The National Academies: What You Need To Know About Infectious Disease

The National Academies

What You Need To Know About Infectious Disease

Salmonellosis

Salmonella is the name of the bacteria that can cause the infection salmonellosis. Every year, approximately 40,000 cases of salmonellosis are reported in the United States. Because many milder cases are not diagnosed or reported, the actual number of infections may be 30 or more times greater. Salmonella live in the intestinal tracts of humans and other animals, including birds. The bacteria are usually transmitted to humans by eating foods contaminated with animal feces. Contaminated foods are often of animal origin, such as beef, poultry, milk, or eggs, but any food, including vegetables, may become contaminated. Because contaminated foods usually look and smell normal, it is important to be aware of public health announcements about outbreaks. Salmonella may also be found in the feces of some pets, especially those with diarrhea. People can become infected if they do not wash their hands after contact with pets or pet feces.

Symptoms
Most persons infected with Salmonella develop diarrhea, fever, and abdominal cramps 12 to 72 hours after infection. Because many different kinds of illnesses can cause these symptoms, diagnosis depends on laboratory tests that can identify Salmonella in the stool of an infected person.

Treatment
People usually recover from salmonellosis in 5 to 7 days and often do not require treatment other than oral fluids. Persons with severe diarrhea may require rehydration with intravenous fluids. Antibiotics are not usually necessary unless the infection spreads from the intestines. Some Salmonella bacteria have become resistant to antibiotics, largely as a result of the use of antibiotics to promote the growth of cattle and other animals raised for food.

Prevention
Because foods of animal origin may be contaminated with Salmonella, people should cook eggs, poultry, and meat thoroughly. Cross contamination of foods can be prevented by keeping uncooked meats separate from produce, cooked foods, and ready-to-eat foods. Although Salmonella can be found in the intestines and feces of all animals, the bacteria are most likely to be found in the living environment and on the bodies of reptiles and birds. For this reason, people should wash their hands immediately after handling birds and reptiles.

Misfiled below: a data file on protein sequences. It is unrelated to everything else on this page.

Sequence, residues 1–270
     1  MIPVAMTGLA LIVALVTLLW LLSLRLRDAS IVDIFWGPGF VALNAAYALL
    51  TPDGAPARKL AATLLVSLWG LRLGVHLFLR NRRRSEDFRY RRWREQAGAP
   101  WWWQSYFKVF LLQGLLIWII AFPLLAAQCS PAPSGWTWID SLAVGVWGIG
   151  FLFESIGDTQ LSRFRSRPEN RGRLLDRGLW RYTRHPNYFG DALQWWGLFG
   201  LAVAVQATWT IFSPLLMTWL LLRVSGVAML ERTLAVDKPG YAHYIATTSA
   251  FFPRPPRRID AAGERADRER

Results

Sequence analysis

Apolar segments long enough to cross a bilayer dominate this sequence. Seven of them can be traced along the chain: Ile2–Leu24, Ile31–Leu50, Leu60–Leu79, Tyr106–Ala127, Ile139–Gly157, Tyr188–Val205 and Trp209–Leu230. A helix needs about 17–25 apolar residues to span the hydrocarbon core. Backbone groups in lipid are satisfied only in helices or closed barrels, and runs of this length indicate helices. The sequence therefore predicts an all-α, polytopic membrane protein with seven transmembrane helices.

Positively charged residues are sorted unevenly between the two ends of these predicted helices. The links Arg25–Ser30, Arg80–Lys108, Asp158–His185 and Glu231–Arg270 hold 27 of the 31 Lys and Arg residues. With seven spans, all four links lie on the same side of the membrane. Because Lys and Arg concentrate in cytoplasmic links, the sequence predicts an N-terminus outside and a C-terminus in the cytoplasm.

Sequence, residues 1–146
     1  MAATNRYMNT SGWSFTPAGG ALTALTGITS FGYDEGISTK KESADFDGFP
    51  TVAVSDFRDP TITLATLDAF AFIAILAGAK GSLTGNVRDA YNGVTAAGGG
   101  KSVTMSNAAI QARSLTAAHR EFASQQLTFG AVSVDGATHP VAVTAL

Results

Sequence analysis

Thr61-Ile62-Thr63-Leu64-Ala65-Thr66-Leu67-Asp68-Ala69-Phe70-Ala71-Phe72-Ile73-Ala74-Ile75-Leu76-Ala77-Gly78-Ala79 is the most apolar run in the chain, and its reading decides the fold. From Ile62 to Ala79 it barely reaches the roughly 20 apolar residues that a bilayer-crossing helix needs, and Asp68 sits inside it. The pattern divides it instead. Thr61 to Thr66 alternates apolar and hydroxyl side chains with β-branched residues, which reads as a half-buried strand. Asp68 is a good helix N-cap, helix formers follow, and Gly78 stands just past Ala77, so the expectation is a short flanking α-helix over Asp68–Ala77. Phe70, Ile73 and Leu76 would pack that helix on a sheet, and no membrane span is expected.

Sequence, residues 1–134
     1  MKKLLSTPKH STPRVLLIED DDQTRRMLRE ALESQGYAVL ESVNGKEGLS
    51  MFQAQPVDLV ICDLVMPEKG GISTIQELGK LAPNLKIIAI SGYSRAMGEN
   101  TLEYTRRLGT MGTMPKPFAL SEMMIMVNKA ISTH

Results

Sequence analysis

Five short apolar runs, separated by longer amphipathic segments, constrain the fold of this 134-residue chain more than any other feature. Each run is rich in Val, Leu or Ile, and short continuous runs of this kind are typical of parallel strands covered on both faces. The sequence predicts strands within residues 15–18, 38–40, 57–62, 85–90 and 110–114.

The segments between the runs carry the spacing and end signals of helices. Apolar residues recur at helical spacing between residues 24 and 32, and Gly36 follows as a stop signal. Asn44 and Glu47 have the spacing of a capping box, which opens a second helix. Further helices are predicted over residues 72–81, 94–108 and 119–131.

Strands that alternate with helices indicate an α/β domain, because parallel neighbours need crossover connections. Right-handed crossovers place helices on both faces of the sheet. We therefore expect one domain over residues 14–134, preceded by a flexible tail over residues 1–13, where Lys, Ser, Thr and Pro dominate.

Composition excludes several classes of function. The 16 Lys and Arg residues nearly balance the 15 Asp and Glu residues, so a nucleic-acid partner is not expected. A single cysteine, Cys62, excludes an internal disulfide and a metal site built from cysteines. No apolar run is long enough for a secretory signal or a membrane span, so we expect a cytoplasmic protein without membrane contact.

Source:
http://www.cdc.gov/salmonella/general/index.html

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What do you know about infectious disease?

True or False: Growing evidence suggests that infections are behind many chronic diseases once thought to be caused by genetic, environmental, or lifestyle factors.

  • Correct!
    Growing evidence does suggest that infections are behind many chronic diseases once thought to be caused by genetic, environmental, or lifestyle factors, including peptic ulcers and cervical, liver, and gastric cancers.
  • Sorry, that’s incorrect.

    Growing evidence does suggest that infections are behind many chronic diseases once thought to be caused by genetic, environmental, or lifestyle factors, including peptic ulcers and cervical, liver, and gastric cancers.

Infectious Disease Defined

Mutation

A change in the sequence of DNA in a cell’s genome that can be caused by radiation, viruses, certain types of chemicals, and errors that occur during cell division and DNA replication.

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